If China’s government is truly an advocate for continued market reforms, they’re clearly reading from the wrong playbook right now.
Its incessant meddling in the nation’s stock market – which borders on outright market manipulation – is about the furthest away from allowing markets to function as freely as one can get.
Banning some investors from selling, investigating those who still choose to sell and even arresting those who have sold shares “maliciously” are just some of the tactics the government have implemented in order to prevent an even greater meltdown in nation’s once-hot stock market, which has fallen around 40% since hitting multi-year highs in mid-June.
As a consequence of these obscure actions, not only is the government failing to practice what they preach in terms of pushing ahead with market-based reforms, they’re falling back to old habits of dictating what they believe should occur rather than letting market forces play their part.
Clearly the government is preaching free and liberalised markets, as long as participants are acting exactly as they want.
Look no further that what has recently occurred in the nation’s stock market futures exchange. It was once a poster child of Chinese financial market reform. As a result of banning some investors from selling, reducing trading limits, upping margins and probing those who dare to sell futures rather than buy, the government has single-handedly broken the futures market.
According to a report from Bloomberg, trading volumes in CSI 300 and 500 futures – once the largest index futures market in the world only three months ago – have collapsed as a result of government measures, falling an amazing 99% from their June 2015 peaks.
On Tuesday, another session where a mysterious late market surge pushed stocks up nearly 3% having been down close to 1% with two hours of trade remaining, volumes in CSI 300 futures – a derivative over the underlying CSI 300 stock index that contains the largest listed firms by market capitalisation in Shanghai and Shenzhen – fell to just 34,085 contracts, well below the 3.2 million levels seen in late June this year.
Chinese policy makers, according to the report, are intent on ending a selloff that has eroded confidence in their management of the economy, and are targeting the futures market because selling the contracts is one of the easiest ways for investors to make large wagers against stocks.
The reason for this is simple. There are no restrictions on intraday stock index futures trading, something that is banned in underlying stocks that have a minimum holding period of at least one day. Using futures, up until recently, was an effective way for speculators to bet on market declines. Now, with a position size of more than 10 contracts deemed to be “abnormal trading” by the futures regulator – previously capped at 600 index contracts – not only do smaller investors risk investigation if they choose to sell, but larger, more sophisticated institutional investors have also lost the ability to hedge positions held in underlying stocks.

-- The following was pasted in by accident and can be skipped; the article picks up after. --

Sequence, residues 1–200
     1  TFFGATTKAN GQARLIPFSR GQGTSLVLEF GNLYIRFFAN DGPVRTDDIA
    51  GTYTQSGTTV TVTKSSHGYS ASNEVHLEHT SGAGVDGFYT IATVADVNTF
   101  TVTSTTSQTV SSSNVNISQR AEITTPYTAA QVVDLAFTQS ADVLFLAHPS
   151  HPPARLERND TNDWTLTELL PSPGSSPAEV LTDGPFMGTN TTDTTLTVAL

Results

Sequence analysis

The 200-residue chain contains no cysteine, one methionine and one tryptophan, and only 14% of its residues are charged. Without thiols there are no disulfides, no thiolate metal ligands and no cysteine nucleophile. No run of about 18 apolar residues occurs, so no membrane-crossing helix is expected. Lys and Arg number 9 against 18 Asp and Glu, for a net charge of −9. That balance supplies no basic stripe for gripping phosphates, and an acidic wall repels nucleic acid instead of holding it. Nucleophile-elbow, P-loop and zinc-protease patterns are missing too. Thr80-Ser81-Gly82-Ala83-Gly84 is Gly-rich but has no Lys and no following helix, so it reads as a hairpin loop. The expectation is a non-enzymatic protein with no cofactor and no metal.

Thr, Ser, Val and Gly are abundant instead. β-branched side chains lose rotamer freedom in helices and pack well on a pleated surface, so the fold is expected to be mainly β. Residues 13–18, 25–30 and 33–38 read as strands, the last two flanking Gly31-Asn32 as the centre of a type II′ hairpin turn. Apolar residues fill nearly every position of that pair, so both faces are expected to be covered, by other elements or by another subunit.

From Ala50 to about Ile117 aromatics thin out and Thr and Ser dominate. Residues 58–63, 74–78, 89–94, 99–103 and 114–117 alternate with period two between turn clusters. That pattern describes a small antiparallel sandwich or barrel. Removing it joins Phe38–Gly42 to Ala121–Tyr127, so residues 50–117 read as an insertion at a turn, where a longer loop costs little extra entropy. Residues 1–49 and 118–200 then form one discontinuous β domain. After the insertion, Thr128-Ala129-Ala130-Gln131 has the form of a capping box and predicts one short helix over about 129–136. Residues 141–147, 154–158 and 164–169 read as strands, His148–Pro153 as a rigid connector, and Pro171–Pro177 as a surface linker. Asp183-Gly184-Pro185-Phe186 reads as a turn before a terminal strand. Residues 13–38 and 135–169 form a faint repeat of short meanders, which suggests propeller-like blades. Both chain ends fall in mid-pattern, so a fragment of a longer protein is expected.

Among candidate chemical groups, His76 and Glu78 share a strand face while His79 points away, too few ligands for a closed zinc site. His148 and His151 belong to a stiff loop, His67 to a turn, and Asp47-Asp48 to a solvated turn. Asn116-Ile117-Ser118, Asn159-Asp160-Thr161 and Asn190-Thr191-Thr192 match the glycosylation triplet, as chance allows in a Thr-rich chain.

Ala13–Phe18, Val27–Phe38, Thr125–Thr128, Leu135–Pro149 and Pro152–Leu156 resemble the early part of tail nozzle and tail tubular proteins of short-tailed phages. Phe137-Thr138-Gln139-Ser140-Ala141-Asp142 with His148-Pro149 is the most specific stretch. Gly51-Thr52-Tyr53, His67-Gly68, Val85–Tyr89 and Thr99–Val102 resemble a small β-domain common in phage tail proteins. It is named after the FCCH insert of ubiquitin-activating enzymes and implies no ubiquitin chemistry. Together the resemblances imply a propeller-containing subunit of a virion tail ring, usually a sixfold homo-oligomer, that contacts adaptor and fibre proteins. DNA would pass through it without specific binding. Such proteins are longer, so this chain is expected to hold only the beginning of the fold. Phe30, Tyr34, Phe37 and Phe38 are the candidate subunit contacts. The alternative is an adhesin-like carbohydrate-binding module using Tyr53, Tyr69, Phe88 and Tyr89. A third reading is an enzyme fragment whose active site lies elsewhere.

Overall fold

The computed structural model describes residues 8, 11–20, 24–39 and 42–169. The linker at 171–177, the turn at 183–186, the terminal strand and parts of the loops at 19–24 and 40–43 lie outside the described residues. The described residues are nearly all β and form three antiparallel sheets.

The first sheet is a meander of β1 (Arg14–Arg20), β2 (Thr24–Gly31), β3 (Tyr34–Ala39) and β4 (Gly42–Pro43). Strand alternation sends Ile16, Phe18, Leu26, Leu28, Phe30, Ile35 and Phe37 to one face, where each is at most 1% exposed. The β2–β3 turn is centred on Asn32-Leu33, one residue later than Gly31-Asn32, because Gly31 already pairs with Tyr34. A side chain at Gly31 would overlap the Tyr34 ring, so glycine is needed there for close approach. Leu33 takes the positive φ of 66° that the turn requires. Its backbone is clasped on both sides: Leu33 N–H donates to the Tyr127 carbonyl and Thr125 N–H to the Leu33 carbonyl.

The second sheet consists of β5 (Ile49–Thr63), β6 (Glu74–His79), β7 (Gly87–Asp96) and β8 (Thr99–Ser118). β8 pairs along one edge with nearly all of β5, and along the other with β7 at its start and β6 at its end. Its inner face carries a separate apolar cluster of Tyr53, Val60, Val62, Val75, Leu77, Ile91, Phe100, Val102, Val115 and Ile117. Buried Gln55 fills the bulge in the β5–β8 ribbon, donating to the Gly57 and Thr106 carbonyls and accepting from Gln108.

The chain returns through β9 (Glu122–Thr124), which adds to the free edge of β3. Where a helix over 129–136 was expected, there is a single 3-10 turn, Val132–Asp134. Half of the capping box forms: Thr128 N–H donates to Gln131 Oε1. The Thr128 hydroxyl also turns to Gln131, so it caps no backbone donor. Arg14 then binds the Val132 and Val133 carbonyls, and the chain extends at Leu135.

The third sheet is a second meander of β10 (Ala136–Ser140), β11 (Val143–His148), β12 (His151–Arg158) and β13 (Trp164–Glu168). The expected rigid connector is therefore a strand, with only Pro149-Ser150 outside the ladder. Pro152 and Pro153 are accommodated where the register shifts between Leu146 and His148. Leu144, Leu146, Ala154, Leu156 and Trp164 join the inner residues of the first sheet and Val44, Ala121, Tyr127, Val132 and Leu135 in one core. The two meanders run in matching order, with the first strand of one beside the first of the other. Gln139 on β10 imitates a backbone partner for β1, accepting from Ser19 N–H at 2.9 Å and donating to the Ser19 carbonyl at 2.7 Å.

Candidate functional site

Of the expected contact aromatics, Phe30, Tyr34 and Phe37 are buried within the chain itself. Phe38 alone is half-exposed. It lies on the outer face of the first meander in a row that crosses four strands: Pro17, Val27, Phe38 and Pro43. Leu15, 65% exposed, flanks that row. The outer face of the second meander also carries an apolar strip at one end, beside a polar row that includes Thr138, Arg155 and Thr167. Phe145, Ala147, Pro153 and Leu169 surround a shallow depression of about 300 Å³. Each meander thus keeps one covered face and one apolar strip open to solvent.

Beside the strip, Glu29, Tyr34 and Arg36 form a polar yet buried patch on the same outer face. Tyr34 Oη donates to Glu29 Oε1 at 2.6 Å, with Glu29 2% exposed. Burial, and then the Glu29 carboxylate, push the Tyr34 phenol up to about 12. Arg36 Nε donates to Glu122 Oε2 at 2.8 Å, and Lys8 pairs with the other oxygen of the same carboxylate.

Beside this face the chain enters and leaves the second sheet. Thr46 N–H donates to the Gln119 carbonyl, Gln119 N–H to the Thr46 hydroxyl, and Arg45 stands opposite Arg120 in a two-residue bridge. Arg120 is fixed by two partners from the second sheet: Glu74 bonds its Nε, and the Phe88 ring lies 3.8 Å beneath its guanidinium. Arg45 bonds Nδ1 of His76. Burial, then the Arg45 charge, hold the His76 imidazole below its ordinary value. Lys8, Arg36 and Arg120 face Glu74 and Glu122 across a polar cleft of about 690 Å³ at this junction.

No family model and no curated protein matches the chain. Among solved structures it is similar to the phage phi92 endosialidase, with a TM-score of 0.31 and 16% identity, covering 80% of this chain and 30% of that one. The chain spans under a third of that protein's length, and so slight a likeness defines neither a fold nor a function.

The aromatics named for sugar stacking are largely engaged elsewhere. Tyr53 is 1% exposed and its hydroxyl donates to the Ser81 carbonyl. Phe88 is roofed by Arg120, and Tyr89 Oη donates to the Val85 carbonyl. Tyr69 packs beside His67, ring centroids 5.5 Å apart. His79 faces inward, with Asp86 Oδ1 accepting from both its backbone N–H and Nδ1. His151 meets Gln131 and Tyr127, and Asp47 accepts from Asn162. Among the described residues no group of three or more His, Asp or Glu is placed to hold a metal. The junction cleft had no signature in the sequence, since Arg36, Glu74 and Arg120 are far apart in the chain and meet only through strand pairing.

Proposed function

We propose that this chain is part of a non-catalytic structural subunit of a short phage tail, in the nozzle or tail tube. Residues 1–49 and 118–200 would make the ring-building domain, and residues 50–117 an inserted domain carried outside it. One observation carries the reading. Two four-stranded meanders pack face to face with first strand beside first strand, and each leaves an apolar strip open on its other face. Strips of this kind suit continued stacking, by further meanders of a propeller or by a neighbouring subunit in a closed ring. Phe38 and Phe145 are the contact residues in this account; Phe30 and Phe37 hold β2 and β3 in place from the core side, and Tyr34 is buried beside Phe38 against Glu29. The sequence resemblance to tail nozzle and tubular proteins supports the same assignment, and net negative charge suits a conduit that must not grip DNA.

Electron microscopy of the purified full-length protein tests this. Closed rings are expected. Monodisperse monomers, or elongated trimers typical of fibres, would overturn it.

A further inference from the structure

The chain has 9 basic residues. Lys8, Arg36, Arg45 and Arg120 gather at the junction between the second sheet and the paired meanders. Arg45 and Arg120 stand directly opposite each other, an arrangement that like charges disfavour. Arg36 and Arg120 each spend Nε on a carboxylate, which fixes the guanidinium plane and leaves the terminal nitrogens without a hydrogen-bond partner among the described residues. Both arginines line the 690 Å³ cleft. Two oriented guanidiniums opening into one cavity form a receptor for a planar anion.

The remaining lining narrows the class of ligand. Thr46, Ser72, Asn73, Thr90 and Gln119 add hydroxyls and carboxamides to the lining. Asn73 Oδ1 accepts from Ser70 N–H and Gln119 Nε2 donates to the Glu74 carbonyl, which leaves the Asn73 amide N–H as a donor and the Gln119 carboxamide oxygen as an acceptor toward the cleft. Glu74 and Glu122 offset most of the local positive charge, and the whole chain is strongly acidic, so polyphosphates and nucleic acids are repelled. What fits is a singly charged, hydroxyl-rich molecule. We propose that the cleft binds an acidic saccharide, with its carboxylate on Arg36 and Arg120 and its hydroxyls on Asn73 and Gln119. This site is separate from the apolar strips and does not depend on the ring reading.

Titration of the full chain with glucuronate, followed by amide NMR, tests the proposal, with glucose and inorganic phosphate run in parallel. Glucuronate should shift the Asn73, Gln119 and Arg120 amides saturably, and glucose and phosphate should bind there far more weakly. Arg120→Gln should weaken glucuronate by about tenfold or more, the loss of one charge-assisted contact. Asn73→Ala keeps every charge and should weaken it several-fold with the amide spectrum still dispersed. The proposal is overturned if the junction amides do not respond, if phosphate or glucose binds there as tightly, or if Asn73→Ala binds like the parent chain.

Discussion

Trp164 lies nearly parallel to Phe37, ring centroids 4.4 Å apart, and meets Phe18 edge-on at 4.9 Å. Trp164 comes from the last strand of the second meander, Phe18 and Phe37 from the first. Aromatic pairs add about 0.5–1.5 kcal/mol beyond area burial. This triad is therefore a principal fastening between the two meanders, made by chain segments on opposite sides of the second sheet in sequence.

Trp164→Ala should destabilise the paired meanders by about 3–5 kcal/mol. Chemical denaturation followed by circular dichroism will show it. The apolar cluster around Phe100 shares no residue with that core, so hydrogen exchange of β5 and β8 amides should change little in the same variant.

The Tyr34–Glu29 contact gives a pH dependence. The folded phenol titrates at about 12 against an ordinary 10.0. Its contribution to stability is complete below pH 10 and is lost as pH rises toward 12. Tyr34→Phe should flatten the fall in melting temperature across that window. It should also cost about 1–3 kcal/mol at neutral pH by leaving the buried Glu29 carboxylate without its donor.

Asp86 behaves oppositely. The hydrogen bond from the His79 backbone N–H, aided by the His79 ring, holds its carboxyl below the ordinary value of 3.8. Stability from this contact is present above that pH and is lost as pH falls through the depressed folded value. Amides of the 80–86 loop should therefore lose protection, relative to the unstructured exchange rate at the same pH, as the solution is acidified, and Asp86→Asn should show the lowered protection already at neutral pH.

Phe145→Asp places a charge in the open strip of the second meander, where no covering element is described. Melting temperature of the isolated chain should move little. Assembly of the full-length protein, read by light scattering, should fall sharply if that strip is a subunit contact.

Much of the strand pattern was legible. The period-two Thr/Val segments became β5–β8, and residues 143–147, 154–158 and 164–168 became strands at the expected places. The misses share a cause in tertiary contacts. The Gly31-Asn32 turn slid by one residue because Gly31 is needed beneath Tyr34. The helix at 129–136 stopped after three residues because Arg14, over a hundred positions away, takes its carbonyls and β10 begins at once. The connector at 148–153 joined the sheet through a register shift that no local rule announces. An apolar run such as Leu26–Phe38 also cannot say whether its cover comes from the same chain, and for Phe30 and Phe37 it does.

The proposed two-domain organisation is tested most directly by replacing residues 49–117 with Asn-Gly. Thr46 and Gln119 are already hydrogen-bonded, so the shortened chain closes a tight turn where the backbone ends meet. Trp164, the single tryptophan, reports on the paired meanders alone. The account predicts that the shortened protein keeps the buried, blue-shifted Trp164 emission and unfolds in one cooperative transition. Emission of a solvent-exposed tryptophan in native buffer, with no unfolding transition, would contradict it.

No wonder investors are deserting not only futures trading, but the stock market too.
It is a shambles, with policymakers making rules on the run in an an attempt to achieve short-term goals. They’ve lost sight of the bigger picture – market reforms are no longer the goal but rather saving face.
While it is easy to see why the government initiated the stock market surge from mid-2014 – it would allow corporates to switch debt for capital, allow greater access to funding for smaller firms and help boost greater levels of consumption by increasing household wealth – akin to the huge stimulus program implemented during the height of the GFC, the plan was put into action immediately without thinking about the long-term consequences.
Now, China’s government is the laughing stock of financial markets, with many China watchers openly mocking the daily gyrations in the nation’s stock market. Terms such as the “national team” and “plunge protection team” are now regularly rolled out whenever the markets begin to tank, or whenever an unexpected surge occurs.
This is the government that they are referring too. Clearly, if China wants outsiders to believe that they’re pushing ahead with market reforms, their recent actions aren’t delivering the desired results.
As Tony Hann, a London-based money manager at Blackfriars Asset Management told Bloomberg, “it is further evidence that the Chinese authorities are not yet ready to commit to freely trading markets.”
“Fully functioning developed financial markets in China will take many years”.
That’s a sentiment many outside of China share at present. That’s why you get tweets like this:
Market stabilisation underway pic.twitter.com/QywQIKICFK
— Haidi Lun 伦海迪 (@HaidiLunCNA) September 8, 2015
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